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post #22 of 62
Quote:
Originally Posted by charlituna View Post

 

More like 10 if you are only looking for 'heard of'. 

 

As for this issue, I'm sure with a proper federal warrant, Apple would comply and there is some way for them to access the data. 


Read the Article, even with a warrant they couldn't.

 

 

 

Quote:
DEA officials first discovered that iMessages could be a hinderance to their efforts when a real-time electronic surveillance under the Federal Wiretap Act failed to yield all of a target's text messages
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post #23 of 62
Quote:
Originally Posted by TheUnfetteredMind View Post

Finally, the truth comes out! 1eek.giflol.gif

"Say hello to my little friend" couldn't be more accurate.


"The real haunted empire?  It's the New York Times." ~SockRolid

"There is no rule that says the best phones must have the largest screen." ~RoundaboutNow

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"The real haunted empire?  It's the New York Times." ~SockRolid

"There is no rule that says the best phones must have the largest screen." ~RoundaboutNow

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post #24 of 62

This is the part from the original article that I found most interesting. Not that Apple IS encrypting, but why isn't everyone else?

 

 

 

Quote:

Christopher Soghoian, a senior policy analyst at the American Civil Liberties Union, said yesterday that "Apple's service is not designed to be government-proof."

"It's much much more difficult to intercept than a telephone call or a text message" that federal agents are used to, Soghoian says. "The government would need to perform an active man-in-the-middle attack... The real issue is why the phone companies in 2013 are still delivering an unencrypted audio and text service to users. It's disgraceful."

post #25 of 62
The real message here is: DEA want you bad guys out there to use iPhones because we have the ability to trace your location with your iMessages because we have decrypted both now.
post #26 of 62

You'd think that Dept. of Justice not breaking iMessage would be a plus to all the fraud and abuse that is done by governmental agencies buying iPhones.  Now it will be harder to shine the light of truth on the corruption that is well known in Washington!

 

On a side note, the EPA just ordered a million iPhones... take that BlackBerry! 1rolleyes.gif1biggrin.gif

/

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post #27 of 62

Hmm.  "Cannot be intercepted", but there seems to be some wiggle room in that statement.

 

For example, are the messages available from Apple's store-and-forward servers upon request?

 

I usually don't look for conspiracies, but this whole thing seems too public, and the explanation lists specific cases instead of making a blanket statement.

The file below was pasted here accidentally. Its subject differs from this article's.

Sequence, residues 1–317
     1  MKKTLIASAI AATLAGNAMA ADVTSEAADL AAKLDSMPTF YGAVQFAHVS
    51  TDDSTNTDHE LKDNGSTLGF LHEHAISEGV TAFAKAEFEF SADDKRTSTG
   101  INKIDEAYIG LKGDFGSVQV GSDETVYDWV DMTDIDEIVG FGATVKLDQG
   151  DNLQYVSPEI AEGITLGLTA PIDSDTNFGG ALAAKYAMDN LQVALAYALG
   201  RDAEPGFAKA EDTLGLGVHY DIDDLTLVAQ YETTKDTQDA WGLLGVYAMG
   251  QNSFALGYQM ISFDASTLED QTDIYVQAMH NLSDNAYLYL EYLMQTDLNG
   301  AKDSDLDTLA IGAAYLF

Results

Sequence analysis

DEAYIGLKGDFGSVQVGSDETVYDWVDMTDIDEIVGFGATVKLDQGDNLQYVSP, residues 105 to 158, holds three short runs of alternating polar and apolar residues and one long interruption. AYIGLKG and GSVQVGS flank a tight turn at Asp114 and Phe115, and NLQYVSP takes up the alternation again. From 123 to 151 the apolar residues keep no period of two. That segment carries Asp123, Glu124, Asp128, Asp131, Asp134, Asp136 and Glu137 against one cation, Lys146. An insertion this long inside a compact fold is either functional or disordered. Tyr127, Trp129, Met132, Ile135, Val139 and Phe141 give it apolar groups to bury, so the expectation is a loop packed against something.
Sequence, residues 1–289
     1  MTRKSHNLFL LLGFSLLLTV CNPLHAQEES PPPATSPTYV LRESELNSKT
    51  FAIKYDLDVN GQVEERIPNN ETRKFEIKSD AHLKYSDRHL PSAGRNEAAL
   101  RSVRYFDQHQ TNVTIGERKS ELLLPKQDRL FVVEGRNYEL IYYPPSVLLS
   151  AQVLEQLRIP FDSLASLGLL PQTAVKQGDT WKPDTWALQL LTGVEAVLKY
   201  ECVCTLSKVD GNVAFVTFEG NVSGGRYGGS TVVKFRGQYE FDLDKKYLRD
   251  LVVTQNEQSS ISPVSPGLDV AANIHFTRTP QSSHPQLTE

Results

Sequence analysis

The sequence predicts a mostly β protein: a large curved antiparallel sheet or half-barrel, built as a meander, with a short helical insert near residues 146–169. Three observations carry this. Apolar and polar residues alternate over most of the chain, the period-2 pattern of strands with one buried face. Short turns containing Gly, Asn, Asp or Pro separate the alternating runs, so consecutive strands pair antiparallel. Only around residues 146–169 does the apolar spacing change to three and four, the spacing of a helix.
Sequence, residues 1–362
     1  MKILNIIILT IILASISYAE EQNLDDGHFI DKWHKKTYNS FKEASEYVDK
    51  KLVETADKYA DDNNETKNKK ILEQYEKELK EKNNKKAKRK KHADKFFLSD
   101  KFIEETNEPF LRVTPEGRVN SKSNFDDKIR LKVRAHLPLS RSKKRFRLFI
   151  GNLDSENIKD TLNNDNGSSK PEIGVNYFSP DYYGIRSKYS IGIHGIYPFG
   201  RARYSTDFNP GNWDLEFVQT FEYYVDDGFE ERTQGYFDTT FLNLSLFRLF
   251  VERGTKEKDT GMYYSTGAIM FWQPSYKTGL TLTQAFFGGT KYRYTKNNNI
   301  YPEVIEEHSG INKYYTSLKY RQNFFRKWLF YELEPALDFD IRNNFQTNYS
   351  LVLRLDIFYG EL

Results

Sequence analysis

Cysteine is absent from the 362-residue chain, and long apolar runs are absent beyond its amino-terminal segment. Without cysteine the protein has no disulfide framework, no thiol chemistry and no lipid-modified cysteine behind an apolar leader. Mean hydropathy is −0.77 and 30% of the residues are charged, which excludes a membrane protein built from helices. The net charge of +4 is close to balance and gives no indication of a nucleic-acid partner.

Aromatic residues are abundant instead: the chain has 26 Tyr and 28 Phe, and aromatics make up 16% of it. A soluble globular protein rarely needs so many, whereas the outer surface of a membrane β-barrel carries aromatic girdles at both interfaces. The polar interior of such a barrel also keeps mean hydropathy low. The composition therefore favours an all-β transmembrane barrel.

post #28 of 62
Quote:
Originally Posted by rickag View Post

Woohoo, security by obscurity.

You clearly don't know what that means.

256 AES encryption is the NSA standard, and Apple is applying it to 2 billion texts a day across over 200 million iOS devices, including the top selling phones in United States. If there was ever an example of the inverse of security they obscurity, this would be it.
post #29 of 62

All communications should be encrypted -- it is the only way to preserve liberty.  

post #30 of 62
Man I have to admit ther are many posters here that wouldn't recognize sarcasm if hit them on their head.
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Don't get me wrong, I like the flat panel iMac, actually own an iMac, and I like the Mac mini, but...........
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just waiting to be included in one of Apple's target markets.
Don't get me wrong, I like the flat panel iMac, actually own an iMac, and I like the Mac mini, but...........
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post #31 of 62
Love it. Yeah, go ahead and use it, we can't crack it, go ahead, it's totally safe. (wink wink)
post #32 of 62
Quote:
Originally Posted by RedRaider2011 View Post


Apple isn't a telecom company, they are a technology company so the same rules don't apply to them. I'm sure that is about to change though.

 

Indeed.  

 

The line in the sand that shouldn't have been crossed is when the US Government started intercepting all your emails and phone calls directly at the carriers and recording/searching them.  When no one said anything about this and not one of you freedom loving yanks decided to fight it, it was a given that it would spread.